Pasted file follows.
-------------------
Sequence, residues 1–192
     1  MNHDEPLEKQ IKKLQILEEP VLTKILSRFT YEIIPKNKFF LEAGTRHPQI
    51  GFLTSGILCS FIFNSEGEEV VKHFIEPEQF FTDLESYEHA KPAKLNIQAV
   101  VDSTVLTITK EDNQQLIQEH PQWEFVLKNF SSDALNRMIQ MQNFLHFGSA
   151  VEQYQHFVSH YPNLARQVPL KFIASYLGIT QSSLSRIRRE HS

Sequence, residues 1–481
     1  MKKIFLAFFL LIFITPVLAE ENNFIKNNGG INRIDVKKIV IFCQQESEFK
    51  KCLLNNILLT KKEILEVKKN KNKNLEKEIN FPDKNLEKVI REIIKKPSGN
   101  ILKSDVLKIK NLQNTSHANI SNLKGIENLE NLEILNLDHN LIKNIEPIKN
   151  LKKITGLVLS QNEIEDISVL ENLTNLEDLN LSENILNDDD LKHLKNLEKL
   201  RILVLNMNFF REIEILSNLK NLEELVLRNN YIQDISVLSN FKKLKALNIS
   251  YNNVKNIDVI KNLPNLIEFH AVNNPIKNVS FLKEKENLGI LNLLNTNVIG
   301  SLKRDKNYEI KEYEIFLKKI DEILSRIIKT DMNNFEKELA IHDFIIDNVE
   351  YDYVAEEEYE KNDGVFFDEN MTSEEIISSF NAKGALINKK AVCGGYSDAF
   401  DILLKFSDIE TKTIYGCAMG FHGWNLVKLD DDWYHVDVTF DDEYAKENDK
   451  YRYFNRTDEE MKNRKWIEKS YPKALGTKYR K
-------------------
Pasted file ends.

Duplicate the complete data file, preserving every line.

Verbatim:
Sequence, residues 1–192
     1  MNHDEPLEKQ IKKLQILEEP VLTKILSRFT YEIIPKNKFF LEAGTRHPQI
    51  GFLTSGILCS FIFNSEGEEV VKHFIEPEQF FTDLESYEHA KPAKLNIQAV
   101  VDSTVLTITK EDNQQLIQEH PQWEFVLKNF SSDALNRMIQ MQNFLHFGSA
   151  VEQYQHFVSH YPNLARQVPL KFIASYLGIT QSSLSRIRRE HS

Sequence, residues 1–481
     1  MKKIFLAFFL LIFITPVLAE ENNFIKNNGG INRIDVKKIV IFCQQESEFK
    51  KCLLNNILLT KKEILEVKKN KNKNLEKEIN FPDKNLEKVI REIIKKPSGN
   101  ILKSDVLKIK NLQNTSHANI SNLKGIENLE NLEILNLDHN LIKNIEPIKN
   151  LKKITGLVLS QNEIEDISVL ENLTNLEDLN LSENILNDDD LKHLKNLEKL
   201  RILVLNMNFF REIEILSNLK NLEELVLRNN YIQDISVLSN FKKLKALNIS
   251  YNNVKNIDVI KNLPNLIEFH AVNNPIKNVS FLKEKENLGI LNLLNTNVIG
   301  SLKRDKNYEI KEYEIFLKKI DEILSRIIKT DMNNFEKELA IHDFIIDNVE
   351  YDYVAEEEYE KNDGVFFDEN MTSEEIISSF NAKGALINKK AVCGGYSDAF
   401  DILLKFSDIE TKTIYGCAMG FHGWNLVKLD DDWYHVDVTF DDEYAKENDK
   451  YRYFNRTDEE MKNRKWIEKS YPKALGTKYR K